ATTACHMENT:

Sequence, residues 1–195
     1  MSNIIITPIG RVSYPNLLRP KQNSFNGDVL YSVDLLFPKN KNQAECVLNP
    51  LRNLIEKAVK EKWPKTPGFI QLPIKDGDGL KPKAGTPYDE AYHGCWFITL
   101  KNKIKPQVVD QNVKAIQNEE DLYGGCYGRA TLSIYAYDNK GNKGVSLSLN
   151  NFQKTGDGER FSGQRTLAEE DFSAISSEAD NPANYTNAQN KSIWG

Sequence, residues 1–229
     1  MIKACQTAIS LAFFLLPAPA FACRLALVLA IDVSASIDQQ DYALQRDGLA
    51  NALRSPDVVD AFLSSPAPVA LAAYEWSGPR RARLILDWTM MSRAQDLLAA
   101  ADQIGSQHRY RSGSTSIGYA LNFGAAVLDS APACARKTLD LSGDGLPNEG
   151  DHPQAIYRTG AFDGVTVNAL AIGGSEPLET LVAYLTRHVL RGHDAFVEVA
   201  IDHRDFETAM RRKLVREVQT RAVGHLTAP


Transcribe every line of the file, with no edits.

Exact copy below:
Sequence, residues 1–195
     1  MSNIIITPIG RVSYPNLLRP KQNSFNGDVL YSVDLLFPKN KNQAECVLNP
    51  LRNLIEKAVK EKWPKTPGFI QLPIKDGDGL KPKAGTPYDE AYHGCWFITL
   101  KNKIKPQVVD QNVKAIQNEE DLYGGCYGRA TLSIYAYDNK GNKGVSLSLN
   151  NFQKTGDGER FSGQRTLAEE DFSAISSEAD NPANYTNAQN KSIWG

Sequence, residues 1–229
     1  MIKACQTAIS LAFFLLPAPA FACRLALVLA IDVSASIDQQ DYALQRDGLA
    51  NALRSPDVVD AFLSSPAPVA LAAYEWSGPR RARLILDWTM MSRAQDLLAA
   101  ADQIGSQHRY RSGSTSIGYA LNFGAAVLDS APACARKTLD LSGDGLPNEG
   151  DHPQAIYRTG AFDGVTVNAL AIGGSEPLET LVAYLTRHVL RGHDAFVEVA
   201  IDHRDFETAM RRKLVREVQT RAVGHLTAP